The Horses of Achilles The Canon
When they perceived Patroclus had been killed,
who was so brave, and strong withal and young,
the horses of Achilles stood, and hung
their heads and wept: indignant sorrow filled
the imperishable nature that was theirs,
at the perception of this deed of death.
They tossed the abundant mane, they stamped the ground
with hoof impatient, and bewailed the fate
that changed Patroclus, knowing he would be found
disfigured in the dust — inanimate —
mere flesh now without spirit, valueless —
incapable of resistance — without breath —
lost to them for all time: gone unawares,
from life gone back to the great Nothingness.
Zeus saw the tears of the immortal steeds
and saddened. “At the nuptials,” reasoned he,
“of Peleus, inconsiderate must we needs
have been to part with you, o horses mine
unfortunate! What business there below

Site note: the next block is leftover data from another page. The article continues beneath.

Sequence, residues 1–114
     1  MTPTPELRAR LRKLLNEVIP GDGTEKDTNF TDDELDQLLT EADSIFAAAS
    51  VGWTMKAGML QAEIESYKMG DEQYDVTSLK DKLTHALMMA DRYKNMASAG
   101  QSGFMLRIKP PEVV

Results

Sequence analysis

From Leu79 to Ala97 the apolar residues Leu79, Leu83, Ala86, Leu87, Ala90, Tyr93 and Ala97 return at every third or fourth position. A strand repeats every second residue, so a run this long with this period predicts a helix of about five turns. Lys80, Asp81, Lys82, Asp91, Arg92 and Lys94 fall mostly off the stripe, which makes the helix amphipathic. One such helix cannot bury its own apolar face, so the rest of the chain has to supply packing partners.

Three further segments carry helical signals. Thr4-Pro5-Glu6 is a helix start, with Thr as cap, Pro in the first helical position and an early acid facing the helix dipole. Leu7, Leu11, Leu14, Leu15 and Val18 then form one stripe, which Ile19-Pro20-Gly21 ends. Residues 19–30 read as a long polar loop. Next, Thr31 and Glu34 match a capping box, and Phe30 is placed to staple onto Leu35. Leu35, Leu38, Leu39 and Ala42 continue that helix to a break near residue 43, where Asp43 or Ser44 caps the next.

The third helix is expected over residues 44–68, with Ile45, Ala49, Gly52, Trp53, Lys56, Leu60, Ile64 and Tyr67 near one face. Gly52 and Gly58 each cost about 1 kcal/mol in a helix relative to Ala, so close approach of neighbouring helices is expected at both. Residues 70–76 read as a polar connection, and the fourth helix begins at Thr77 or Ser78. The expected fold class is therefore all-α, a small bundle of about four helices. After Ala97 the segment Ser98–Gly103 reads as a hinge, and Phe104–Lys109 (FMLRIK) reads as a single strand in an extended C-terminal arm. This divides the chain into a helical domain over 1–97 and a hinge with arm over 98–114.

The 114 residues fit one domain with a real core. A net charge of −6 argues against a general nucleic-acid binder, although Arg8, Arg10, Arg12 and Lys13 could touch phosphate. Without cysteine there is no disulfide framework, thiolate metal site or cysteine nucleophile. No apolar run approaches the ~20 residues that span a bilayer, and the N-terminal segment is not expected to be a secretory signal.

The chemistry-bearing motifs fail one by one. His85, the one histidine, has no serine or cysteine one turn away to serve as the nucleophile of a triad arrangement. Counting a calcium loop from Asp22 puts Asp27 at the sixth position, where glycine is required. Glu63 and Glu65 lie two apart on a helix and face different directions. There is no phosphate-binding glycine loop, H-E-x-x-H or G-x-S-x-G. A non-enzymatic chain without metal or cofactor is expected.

with miserable humanity that is
ever the plaything of the Destinies,
had you! You, who are spared the infirmity
of old age, — you, whom death does not await,
at transient calamities repine.
In the perplexing tangle of their woe,
men have involved you.” — But disconsolate
the two beasts noble-born let their tears fall
for death the wretchedness perpetual.

Translated by John Cavafy

(Poems by C. P. Cavafy. Translated, from the Greek, by J. C. Cavafy. Ikaros, 2003)

- Original Greek Poem

- Translation by Edmund Keeley/Philip Sherrard